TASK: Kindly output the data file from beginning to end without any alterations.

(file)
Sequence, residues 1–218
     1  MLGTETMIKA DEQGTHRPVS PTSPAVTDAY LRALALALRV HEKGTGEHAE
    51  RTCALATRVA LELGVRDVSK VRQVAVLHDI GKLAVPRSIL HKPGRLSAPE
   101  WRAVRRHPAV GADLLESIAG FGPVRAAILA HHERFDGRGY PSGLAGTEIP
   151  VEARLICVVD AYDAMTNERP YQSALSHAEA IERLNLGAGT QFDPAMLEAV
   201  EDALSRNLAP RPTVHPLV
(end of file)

Sequence, residues 1–218
     1  MLGTETMIKA DEQGTHRPVS PTSPAVTDAY LRALALALRV HEKGTGEHAE
    51  RTCALATRVA LELGVRDVSK VRQVAVLHDI GKLAVPRSIL HKPGRLSAPE
   101  WRAVRRHPAV GADLLESIAG FGPVRAAILA HHERFDGRGY PSGLAGTEIP
   151  VEARLICVVD AYDAMTNERP YQSALSHAEA IERLNLGAGT QFDPAMLEAV
   201  EDALSRNLAP RPTVHPLV